by Daniel Hathaway
The chamber choir formerly known as Cantores made its debut under the new name of Contrapunctus at Trinity Cathedral on Sunday afternoon, March 2, with an historically themed concert, “The Life and Times of Mary, Queen of Scots, 1542-1587.”
Led by its new artistic director, English countertenor David Acres, the 19 singers expertly presented 15 exquisite church motets by English, Scottish, Spanish and Italian composers of the Renaissance, embedded into a lengthy, printed narrative of Mary’s life with color images and supplemented by a few brief excerpts from her own writings delivered by actor Denise Larkin.
Performing music within its historical context with the help of images and spoken words can result in a rich experience for the listener when several streams run together to form a larger river. Mary’s life was full of the intrigue that makes her narrative worthy of an opera (Donizetti thought so), but Sunday’s program might have made some clearer links between events in Mary’s life and the music being sung.
To be sure, the playlist included composers in the British Isles who were tossed about linguistically, stylistically and often personally by the back-and-forth religious upheavals during the reigns of Henry VIII, Edward VI, the other (“Bloody”) Mary and Elizabeth I. But it also included works she probably never heard, written in cultures she never seems to have visited. Aside from a dozen years in France, she apparently spent her life on either side of the Scottish border, and may never have encountered polyphony by Spanish or Italian musicians.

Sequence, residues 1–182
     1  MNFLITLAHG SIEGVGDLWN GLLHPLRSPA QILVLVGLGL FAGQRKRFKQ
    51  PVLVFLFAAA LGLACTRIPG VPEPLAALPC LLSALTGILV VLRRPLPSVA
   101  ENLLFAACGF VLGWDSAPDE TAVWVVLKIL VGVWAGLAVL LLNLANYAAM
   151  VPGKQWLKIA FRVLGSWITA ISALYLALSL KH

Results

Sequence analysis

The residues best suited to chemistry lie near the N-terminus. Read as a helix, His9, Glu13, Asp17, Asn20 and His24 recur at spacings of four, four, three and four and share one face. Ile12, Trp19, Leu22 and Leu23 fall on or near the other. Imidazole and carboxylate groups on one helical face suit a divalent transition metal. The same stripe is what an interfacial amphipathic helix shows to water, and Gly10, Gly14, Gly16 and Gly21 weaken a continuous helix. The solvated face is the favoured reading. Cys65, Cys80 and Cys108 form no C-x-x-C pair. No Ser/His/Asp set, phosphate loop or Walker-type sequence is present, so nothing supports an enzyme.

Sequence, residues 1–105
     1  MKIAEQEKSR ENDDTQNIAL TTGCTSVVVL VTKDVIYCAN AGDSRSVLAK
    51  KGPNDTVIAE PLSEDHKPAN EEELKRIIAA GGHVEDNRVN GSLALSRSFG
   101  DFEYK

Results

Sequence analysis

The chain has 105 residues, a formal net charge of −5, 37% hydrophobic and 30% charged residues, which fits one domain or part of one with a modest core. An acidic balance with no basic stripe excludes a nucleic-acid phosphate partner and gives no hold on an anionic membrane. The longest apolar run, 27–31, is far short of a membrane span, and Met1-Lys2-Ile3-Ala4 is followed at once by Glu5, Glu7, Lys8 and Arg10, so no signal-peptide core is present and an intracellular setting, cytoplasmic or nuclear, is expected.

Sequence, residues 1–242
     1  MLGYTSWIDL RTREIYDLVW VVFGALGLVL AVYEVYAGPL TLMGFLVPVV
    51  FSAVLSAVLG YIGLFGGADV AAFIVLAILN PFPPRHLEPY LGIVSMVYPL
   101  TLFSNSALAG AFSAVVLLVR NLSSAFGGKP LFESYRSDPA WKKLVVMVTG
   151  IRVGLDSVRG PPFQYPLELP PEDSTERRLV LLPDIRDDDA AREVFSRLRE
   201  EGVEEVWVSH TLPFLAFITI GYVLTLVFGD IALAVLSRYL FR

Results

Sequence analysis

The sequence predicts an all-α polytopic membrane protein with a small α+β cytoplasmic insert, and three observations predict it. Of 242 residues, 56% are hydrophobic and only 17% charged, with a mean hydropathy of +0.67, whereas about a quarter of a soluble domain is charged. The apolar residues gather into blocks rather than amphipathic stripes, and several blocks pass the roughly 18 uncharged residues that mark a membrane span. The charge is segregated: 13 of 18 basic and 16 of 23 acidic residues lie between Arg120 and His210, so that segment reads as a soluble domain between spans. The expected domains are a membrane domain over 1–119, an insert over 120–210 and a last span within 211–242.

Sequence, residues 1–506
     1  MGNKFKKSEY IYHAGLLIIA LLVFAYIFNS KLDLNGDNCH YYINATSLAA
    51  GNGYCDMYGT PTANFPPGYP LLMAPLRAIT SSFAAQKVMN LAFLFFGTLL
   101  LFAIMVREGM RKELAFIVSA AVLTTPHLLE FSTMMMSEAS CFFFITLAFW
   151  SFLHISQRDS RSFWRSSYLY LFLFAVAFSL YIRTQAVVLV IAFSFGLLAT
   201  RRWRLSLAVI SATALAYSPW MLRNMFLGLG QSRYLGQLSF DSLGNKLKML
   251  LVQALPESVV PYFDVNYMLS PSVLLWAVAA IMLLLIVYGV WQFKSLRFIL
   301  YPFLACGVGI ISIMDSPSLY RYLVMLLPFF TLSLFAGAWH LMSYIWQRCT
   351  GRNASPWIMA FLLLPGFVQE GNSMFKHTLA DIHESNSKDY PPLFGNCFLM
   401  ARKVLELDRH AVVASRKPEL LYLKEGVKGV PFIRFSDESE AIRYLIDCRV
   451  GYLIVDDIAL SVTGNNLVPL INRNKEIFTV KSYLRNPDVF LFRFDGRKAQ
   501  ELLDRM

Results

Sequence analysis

The program ignored secular music — which Mary seems to have enjoyed, for she played the lute and virginals along with pursuing other royal entertainments like horsemanship and falconry.
That being said, Sunday’s large audience was treated to some glorious singing engineered by David Acres, who knows the tradition thoroughly and got his choristers to create amazing arcs of polyphony that sounded wonderful in Trinity’s Gothic space. The choir’s tuning and blend were close to flawless. Adding other sonorities to the proceedings, organist Elizabeth Lenti played short pieces by Cavazzoni and Tallis on the Cathedral’s large Flentrop organ with agreeable touch and phrasing.
Interleaved among such standards as Byrd’s Ave verum corpus, Victoria’s eight-part Ave Maria and Palestrina’s Super flumina Babylonis were rarer pieces like Clemens’s Ego flos campi, Rore’s Parce mihi Domine, Robert Johnson’s Dum transisset Sabbatum, Guerrero’s Ave Virgo sanctissima and Lobo’s Versa est in luctum — all delightful and lovingly performed. Only Lassus’s super-chromatic Timor et tremor sounded a bit shaky in its tuning. The concert ended with the most direct reference to Mary: Tallis’s solemn In manus tuas sets the very words that unfortunate lady mouthed from the scaffold before the ax fell. (Alas, the three brief spoken excerpts, including a prayer Mary wrote the night before her beheading, read by Denise Larkin from the cathedral’s pulpit, were mostly inaudible.)
Acres and the ensemble have made a fine beginning, and it’s terrific to have another skilled chamber choir performing regularly in Cleveland. Contrapunctus will be in residence at Trinity Cathedral, but will give its next program at the Cathedral of St. John the Evangelist on June 6 at 7:30 pm.
Published on ClevelandClassical.com March 10, 2014
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